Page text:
The Legal Fiction of Constructive Discharge as Decided by Federal Courts in Employment Discrimination Claims

Document Type


Publication Date

Spring 2011

Publication Title

ALSB Journal of Employment and Labor Law


The legal theory of constructive discharge was first adopted by the U.S. Supreme Court in Sure-Tan, Inc. v. National Labor Relations Board, 1 a case involving a wrongful termination claim under the National Labor Relations Act, and subsequently applied to several notable employment law decisions,2 culminating in the seminal case of Pennsylvania State Police v. Suders3 in 2004. In Suders and subsequent cases, the Supreme Court has held that harassment so intolerable as to cause a resignation may be caused by co-worker conduct, unofficial supervisory conduct, or official company acts. Although the U.S. Supreme Court has given broad guidelines to lower courts as to how to assess upon what specific circumstances a ―reasonable person‖ could find working conditions ―so intolerable‖ that he or she has the right to quit, the federal district courts and federal appellate courts have been primarily responsible for the application of this doctrine to employment discrimination claims, thus defining its parameters and the extent of its impact in wrongful termination cases. Unfortunately, this judicial action typically has occurred at the summary judgment phase of litigation, where the judge determines the sufficiency of the evidence from the ―paper case‖ presented by the litigants and decides alone whether the action will continue.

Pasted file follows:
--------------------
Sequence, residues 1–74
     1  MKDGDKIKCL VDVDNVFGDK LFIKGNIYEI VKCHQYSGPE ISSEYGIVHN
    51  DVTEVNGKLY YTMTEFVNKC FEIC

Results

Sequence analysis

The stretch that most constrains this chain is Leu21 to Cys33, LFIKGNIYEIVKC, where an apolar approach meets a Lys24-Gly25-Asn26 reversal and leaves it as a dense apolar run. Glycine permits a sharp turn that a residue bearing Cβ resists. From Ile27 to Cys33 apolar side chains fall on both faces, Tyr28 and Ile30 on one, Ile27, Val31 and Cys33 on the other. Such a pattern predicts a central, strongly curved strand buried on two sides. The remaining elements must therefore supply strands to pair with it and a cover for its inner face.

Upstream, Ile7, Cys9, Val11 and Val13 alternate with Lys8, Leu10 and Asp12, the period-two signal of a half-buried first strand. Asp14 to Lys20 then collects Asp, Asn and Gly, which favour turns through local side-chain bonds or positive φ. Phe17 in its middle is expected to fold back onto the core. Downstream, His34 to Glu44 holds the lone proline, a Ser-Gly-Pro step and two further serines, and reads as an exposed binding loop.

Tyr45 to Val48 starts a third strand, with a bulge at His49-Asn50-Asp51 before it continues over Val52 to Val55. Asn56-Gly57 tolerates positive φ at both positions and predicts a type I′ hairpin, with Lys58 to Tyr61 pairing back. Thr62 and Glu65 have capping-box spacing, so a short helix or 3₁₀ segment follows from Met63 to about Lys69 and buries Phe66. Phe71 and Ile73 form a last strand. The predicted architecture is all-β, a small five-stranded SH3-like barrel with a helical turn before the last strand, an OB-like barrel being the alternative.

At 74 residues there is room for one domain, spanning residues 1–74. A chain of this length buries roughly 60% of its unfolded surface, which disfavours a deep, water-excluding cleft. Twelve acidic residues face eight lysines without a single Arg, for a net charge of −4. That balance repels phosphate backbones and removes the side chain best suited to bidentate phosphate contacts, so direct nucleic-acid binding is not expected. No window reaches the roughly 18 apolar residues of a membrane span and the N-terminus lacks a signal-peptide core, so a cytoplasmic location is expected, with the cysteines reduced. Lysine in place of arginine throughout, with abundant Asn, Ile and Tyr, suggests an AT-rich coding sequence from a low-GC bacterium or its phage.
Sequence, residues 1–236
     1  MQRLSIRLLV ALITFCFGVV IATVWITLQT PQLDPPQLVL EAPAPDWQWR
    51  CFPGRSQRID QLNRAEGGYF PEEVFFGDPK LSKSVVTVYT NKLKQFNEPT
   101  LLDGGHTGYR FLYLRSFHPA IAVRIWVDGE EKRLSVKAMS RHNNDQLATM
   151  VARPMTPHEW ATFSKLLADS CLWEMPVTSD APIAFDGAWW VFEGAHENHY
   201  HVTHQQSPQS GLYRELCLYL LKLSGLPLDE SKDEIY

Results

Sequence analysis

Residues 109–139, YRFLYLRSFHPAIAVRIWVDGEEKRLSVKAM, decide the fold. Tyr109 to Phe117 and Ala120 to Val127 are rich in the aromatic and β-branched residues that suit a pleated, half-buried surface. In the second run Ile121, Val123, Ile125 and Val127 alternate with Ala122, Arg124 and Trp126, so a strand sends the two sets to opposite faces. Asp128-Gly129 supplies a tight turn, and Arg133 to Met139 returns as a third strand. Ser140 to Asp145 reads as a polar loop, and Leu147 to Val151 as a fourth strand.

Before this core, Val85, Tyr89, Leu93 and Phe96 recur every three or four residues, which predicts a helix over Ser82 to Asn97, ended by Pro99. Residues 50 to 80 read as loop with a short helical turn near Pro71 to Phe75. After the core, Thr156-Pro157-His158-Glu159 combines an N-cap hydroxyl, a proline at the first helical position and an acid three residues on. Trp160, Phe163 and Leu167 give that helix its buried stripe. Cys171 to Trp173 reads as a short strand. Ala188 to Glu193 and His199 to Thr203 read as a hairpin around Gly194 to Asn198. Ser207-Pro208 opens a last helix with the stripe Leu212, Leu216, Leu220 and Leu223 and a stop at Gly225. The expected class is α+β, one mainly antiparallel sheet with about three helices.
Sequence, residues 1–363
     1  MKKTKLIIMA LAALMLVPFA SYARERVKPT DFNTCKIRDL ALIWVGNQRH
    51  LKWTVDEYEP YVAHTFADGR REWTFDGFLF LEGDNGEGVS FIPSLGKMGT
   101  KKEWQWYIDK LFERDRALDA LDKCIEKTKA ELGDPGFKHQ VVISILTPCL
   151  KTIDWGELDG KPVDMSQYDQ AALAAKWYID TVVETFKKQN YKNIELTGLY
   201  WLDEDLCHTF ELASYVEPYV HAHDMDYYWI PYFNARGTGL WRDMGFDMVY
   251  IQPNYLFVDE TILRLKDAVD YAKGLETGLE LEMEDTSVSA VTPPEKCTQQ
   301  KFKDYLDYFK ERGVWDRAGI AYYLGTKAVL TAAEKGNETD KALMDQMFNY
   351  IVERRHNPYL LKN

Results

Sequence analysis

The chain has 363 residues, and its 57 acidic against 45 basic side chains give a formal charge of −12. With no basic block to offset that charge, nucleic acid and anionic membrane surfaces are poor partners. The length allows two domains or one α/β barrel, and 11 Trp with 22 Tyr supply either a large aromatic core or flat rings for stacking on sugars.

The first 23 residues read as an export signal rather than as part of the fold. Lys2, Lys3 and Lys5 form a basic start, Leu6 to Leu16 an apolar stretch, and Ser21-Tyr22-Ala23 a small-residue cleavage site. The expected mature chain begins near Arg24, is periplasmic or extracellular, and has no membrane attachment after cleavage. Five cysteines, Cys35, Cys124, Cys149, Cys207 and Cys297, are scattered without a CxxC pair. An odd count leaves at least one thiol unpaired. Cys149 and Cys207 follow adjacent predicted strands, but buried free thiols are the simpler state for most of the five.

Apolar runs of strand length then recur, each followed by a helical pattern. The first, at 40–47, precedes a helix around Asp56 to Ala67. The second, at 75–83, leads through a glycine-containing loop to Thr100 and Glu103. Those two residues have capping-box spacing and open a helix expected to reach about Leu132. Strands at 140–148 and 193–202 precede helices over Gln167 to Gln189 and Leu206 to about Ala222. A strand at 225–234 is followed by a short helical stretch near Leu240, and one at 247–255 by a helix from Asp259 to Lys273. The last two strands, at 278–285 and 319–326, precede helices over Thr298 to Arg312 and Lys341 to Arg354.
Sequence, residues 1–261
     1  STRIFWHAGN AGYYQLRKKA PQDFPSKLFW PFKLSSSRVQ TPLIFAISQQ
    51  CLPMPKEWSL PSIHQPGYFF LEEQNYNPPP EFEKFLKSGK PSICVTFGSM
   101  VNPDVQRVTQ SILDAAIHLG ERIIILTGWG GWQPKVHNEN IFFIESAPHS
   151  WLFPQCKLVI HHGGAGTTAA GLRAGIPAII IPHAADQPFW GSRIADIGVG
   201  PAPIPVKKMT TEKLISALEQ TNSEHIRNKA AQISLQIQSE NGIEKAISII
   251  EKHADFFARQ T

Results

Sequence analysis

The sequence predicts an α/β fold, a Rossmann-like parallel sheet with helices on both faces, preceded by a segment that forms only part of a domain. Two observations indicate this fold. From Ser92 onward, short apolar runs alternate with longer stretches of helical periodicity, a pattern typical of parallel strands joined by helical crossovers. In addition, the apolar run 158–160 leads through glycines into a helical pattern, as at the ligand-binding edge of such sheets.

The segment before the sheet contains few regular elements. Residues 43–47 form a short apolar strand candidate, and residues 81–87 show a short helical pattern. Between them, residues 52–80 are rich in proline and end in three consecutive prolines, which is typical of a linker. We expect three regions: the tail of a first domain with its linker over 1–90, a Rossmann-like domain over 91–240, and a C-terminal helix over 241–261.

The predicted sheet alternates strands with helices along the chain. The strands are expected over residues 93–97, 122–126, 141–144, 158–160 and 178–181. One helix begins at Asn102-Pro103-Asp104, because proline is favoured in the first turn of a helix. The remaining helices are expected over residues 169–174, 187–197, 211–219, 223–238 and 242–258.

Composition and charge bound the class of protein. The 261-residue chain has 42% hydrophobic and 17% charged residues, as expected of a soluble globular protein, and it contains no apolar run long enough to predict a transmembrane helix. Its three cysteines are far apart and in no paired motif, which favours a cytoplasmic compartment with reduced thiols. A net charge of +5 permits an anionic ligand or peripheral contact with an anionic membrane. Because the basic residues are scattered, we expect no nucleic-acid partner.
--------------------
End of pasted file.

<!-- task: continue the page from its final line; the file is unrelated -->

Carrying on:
A review of the treatment of constructive discharge claims by the lower federal courts over the past decade suggests that the doctrine recognized by the Supreme Court in 1984 has become nothing but a legal fiction in wrongful termination claims except in the most egregious cases. Indeed, in the opinion of the authors, a careful review of recent case law could lead to the conclusion that unless an employer is homicidal or an employee is suicidal as a direct result of intolerable behaviors by the employer, a constructive discharge claim does not exist.4 These lower court decisions have left a significant legal loophole through which employers can exploit their obligations to act lawfully in honoring employment discrimination laws and fairly in engaging in employment termination actions. Because the constructive discharge claim seems to be rarely successful, the unlawful firings sought to be quelled by anti-discrimination laws can now be and have been achieved by employers who have made an employee‘s tenure so distasteful that he or she is, in effect, forced to quit without any legal recourse. This article will discuss the history of the development of the constructive discharge theory, the impact of the Suders case on this cause of action, the effect of a motion for summary judgment on constructive discharge claims, as well as what has happened to constructive discharge in the lower courts post-Suders, and finally propose some solutions to remedy the erosion of the constructive discharge doctrine.